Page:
Meta is set to encrypt private messages on Facebook and Instagram
A government minister has criticised Mark Zuckerberg’s decision to roll out encryption in Facebook and Instagram messages.
Security Minister Tom Tugendhat accused Meta, the parent company of the social media sites, of “turning a blind eye” to an epidemic of child sexual abuse across its platforms.
He said the tech giant was allowing child abusers to “operate with impunity”.
End-to-end encryption means that only the sender and recipient of a message can read it; not even the third party messenger service can.
The Government argue this technology prevents law enforcement agencies from identifying and tackling the sharing of child sexual abuse images and videos.
Furthermore, there are concerns that encrypting private messages creates a much higher risk of children being violated because the groomers do not need to have their victims’ phone numbers and can instead message youngsters from their open profiles.
“Faced with an epidemic of child sexual exploitation abuse, Meta are choosing to ignore it and in doing so, they are allowing predators to operate with impunity,” said Mr Tugendhat, speaking at the PIER23 conference on tackling online harms at Anglia Ruskin University Chelmsford.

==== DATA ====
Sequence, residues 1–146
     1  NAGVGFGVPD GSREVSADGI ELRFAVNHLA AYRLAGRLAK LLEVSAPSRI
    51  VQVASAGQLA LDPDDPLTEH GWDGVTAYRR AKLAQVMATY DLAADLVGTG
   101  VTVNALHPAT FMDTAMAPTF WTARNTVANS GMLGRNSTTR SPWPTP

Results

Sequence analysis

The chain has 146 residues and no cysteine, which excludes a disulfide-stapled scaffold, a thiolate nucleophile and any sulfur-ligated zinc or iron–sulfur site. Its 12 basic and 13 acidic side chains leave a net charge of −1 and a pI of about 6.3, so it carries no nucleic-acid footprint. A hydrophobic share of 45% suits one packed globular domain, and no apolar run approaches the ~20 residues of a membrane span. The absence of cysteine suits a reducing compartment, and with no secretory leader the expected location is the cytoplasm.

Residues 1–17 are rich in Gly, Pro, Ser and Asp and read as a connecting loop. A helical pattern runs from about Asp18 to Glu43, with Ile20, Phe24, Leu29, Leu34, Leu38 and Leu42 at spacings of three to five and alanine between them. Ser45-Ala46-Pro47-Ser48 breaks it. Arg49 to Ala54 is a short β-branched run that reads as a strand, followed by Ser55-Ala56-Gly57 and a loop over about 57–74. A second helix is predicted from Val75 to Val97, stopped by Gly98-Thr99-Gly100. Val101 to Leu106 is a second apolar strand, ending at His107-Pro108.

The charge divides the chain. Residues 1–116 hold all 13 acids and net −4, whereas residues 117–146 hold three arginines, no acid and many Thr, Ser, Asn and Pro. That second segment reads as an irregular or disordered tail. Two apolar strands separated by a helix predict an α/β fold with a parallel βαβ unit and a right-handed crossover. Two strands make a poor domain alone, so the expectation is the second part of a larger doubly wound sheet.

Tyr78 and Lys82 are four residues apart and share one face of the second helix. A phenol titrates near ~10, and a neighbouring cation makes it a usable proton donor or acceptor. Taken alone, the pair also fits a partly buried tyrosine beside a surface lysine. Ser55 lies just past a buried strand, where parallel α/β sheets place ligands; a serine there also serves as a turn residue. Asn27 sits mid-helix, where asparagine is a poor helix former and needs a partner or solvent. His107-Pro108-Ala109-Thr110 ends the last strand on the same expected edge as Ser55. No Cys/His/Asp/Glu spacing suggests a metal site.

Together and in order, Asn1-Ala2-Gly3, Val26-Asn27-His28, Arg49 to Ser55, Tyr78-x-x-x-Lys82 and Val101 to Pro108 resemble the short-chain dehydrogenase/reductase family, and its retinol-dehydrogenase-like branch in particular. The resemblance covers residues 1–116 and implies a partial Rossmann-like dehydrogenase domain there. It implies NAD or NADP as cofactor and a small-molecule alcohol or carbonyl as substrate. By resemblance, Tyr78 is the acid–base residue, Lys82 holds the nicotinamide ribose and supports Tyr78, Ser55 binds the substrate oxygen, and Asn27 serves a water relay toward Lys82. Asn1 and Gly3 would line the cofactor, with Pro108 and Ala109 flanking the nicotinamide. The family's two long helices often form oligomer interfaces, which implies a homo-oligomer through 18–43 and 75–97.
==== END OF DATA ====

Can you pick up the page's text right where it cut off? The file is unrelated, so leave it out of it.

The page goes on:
“That is an extraordinary moral choice. It is an extraordinary decision. And I think we should remember who it is who is making it.”
Meta, which also owns WhatsApp, said it would work with police and child safety experts.
The timing has drawn criticism, given that in the UK, the Online Safety Bill, which will effectively outlaw end-to-end encryption, is currently working its way through Parliament.
Recently, Twitter announced it has launched an encrypted messaging service for select users.
Mr Tugendhat has said that Government adverts will warn parents that it will be unsafe for their children to use Facebook and Instagram if Meta pushes on with its plans to encrypt messages.
“Let me be clear again, this government will not look away. We will shortly be launching a campaign, a campaign to tell parents the truth about Meta’s choices… and what they mean for the safety of their children,” he said.